Yara Utilities

Glossary

P

pesticide:
a chemical used to protect crops and livestock by killing pests in crops or animals, primarily insects, sometimes also used to include fungicides and herbicides.
photosynthesis:
the process by which green plants use solar energy to synthesize carbohydrates from carbon dioxide and water.
plant nutrient:
a chemical element or ion essential for plant growth.
pollution:
the presence of minerals, chemicals or physical properties at levels that exceed the values deemed to define a boundary between “good or acceptable” and “poor or unacceptable” quality, which is a function of the specific pollutant.
product safety data sheets:
detailed technical information designed to ensure the safe handling, transportation, storage and use of products. Data sheets include information on the composition and properties of products, and describe health, environmental and safety aspects and considerations.
product stewardship:
an approach to production and product management designed to address environmental, safety and health issues throughout the value chain, based on the principle that a company’s responsibility for its products covers the whole chain, from the extraction of raw materials to product application and waste management.

R

REACH:
the European Union’s Registration, Evaluation, Authorisation and Restriction of Chemicals (REACH) regulation which aims to improve the protection of human health and the environment through the better and earlier identification of the intrinsic properties of chemical substances, and by the substitution of dangerous chemicals.
renewable energy:
energy supplies derived from natural sources able to regenerate themselves, thereby enabling sustainable long-term consumption of energy by humans (e.g. solar, wind, tide, geothermal, biomass).

S

selective catalytic reduction (SCR):
a means of converting nitrogen oxide NOx into diatomic nitrogen (N2) and water with the aid of a catalyst.
shaping issue:
an issue, or cluster of issues, that profoundly effects global development and consequently influences business environments in general, and a company’s strategic direction and development in particular. The shaping issues chosen by Yara (energy supply, climate change, food security and health concern) are global issues relevant to the company’s core business and to which it can make significant positive contributions.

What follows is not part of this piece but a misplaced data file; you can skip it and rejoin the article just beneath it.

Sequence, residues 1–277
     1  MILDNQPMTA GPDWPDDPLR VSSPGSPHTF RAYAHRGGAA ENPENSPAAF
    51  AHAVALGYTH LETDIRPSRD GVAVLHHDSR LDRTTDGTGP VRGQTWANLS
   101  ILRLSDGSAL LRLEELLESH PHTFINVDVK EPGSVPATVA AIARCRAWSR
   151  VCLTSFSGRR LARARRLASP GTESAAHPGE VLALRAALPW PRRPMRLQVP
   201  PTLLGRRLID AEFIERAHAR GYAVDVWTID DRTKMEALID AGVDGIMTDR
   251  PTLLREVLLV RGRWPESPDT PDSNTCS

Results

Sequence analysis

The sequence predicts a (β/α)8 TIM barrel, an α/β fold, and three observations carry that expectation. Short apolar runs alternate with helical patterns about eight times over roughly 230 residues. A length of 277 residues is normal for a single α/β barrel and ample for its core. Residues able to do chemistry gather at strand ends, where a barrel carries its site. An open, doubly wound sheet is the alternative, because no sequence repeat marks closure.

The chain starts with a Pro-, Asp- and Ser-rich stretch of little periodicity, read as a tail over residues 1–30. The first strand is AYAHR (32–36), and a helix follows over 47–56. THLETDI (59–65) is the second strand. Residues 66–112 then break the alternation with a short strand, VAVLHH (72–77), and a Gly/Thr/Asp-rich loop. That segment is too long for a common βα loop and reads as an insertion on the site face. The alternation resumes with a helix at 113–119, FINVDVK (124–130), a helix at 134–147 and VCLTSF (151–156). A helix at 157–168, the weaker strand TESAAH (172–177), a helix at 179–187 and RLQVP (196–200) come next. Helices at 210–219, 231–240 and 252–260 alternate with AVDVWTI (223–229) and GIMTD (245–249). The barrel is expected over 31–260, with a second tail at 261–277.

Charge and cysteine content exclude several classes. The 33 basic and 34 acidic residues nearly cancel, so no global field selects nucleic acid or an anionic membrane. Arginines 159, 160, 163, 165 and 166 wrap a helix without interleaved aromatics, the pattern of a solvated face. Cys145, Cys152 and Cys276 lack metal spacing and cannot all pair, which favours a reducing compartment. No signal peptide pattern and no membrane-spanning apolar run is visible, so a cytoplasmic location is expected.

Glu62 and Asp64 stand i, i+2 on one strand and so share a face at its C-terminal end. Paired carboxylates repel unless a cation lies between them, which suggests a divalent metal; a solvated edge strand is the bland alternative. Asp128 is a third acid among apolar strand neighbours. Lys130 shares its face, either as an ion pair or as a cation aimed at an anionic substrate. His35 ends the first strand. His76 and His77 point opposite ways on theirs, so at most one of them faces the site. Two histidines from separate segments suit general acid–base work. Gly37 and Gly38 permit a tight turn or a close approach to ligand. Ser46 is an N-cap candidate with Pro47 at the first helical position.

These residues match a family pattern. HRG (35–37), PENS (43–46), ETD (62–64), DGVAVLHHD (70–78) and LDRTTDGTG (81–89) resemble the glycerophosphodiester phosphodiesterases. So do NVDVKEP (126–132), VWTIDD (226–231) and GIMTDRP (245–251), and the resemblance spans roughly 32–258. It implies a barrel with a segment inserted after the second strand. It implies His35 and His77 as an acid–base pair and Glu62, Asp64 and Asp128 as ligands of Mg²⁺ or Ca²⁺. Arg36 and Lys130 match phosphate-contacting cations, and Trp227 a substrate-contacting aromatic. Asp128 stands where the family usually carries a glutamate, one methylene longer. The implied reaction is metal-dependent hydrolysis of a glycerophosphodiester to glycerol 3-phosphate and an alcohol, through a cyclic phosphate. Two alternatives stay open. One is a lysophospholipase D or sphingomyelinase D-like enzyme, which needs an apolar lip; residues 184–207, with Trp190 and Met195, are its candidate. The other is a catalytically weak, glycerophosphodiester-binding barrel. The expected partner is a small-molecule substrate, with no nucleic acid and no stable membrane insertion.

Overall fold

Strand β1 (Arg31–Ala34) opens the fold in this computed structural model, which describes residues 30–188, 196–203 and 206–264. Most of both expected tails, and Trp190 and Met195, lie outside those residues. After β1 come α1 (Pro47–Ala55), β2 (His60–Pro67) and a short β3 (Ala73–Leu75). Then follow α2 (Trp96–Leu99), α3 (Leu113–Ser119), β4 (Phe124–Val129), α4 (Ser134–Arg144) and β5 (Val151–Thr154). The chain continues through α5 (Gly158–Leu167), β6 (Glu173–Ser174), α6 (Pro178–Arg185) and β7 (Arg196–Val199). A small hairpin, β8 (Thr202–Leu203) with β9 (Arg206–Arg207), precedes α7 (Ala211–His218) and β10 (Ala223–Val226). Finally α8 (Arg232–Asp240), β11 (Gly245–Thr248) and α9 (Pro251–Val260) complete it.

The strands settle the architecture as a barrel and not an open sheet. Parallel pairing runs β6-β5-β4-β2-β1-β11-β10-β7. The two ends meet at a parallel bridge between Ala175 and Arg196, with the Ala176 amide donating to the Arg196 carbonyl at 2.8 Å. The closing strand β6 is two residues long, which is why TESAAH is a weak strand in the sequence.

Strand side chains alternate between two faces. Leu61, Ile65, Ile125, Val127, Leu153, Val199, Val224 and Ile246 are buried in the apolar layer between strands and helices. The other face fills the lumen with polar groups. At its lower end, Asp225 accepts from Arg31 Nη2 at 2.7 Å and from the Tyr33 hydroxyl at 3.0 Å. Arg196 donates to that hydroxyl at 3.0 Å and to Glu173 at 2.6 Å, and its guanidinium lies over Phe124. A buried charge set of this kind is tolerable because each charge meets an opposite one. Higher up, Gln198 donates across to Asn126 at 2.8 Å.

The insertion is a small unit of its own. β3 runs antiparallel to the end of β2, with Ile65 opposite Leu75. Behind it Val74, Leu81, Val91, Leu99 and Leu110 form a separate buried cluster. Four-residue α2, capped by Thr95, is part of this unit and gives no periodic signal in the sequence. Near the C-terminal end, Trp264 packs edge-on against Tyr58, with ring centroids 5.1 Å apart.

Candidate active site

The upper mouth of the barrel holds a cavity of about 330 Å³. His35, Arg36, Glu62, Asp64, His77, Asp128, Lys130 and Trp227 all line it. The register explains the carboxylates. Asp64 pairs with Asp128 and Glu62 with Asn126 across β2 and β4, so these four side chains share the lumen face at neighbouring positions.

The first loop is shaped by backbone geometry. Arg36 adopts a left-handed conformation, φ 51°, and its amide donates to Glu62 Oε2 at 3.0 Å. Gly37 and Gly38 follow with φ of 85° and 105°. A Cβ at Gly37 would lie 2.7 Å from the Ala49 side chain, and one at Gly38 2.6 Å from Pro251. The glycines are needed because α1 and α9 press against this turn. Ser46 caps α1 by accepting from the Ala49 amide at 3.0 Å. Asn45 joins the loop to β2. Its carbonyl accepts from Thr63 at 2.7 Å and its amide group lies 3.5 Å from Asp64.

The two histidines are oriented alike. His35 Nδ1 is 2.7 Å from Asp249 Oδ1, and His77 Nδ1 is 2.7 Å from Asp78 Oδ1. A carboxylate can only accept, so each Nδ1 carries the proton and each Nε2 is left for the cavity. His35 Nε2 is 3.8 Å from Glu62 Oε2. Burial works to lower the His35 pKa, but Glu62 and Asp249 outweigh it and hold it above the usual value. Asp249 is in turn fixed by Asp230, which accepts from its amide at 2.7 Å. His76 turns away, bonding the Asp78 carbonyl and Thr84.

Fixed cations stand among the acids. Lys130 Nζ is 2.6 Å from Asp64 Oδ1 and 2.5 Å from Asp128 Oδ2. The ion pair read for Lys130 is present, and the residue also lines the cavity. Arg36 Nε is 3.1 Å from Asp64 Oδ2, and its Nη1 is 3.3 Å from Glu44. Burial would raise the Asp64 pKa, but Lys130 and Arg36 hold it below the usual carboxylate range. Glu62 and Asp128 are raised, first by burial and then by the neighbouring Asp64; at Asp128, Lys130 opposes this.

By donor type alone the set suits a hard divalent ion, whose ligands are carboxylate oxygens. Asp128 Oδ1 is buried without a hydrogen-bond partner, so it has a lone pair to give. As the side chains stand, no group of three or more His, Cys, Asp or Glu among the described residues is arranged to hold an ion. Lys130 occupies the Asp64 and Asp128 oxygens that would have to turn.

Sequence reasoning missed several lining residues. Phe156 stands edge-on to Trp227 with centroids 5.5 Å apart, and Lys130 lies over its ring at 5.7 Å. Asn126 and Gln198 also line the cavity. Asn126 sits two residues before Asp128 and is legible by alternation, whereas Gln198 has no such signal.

soil fertility:
the overall ability of soil to support vigorous crop growth by ensuring adequate plant nutrients and suitable conditions for water uptake, and by providing favorable conditions for root growth and development. Fertility is a synthesis of chemical, physical and biological components and is also influenced by climatic and management factors.
surface water:
all water naturally open to the atmosphere, including rivers, lakes, reservoirs, streams, impoundments, seas and estuaries, also covering springs, shallow wells or other collectors of water that are directly influenced by surface water. (GEO-4)
sustainability risks:
business risks deriving from global trends and challenges relevant to sustainable development, or business risk related to the company’s sustainability performance, i.e. economic, environmental and social performance.
sustainable agriculture:
a way of conducting agricultural activities without causing irreversible damage to ecosystems that is economically viable, ecologically sound and capable of long-term operation, integrating environmental stewardship, farm profitability and prosperous local communities
sustainable business development:
a way of conducting business activities based on a corporate policy which takes into account business success, environmental impacts and relationships with the community, and puts these on a balanced footing for the long-term.
sustainable development:
a concept defined by the World Commission on Environment and Development (the Brundtland Commission) in 1987, as “development that meets the needs of the present without compromising the ability of future generations to meet their own needs”. Sustainable development focuses on three major, integral, aspects of development: economical, ecological and societal.

T

TRI rate (Total Recordable Injury rate):
an indicator for the safety performance of a company, defined as the number of recordable injuries per million hours worked.
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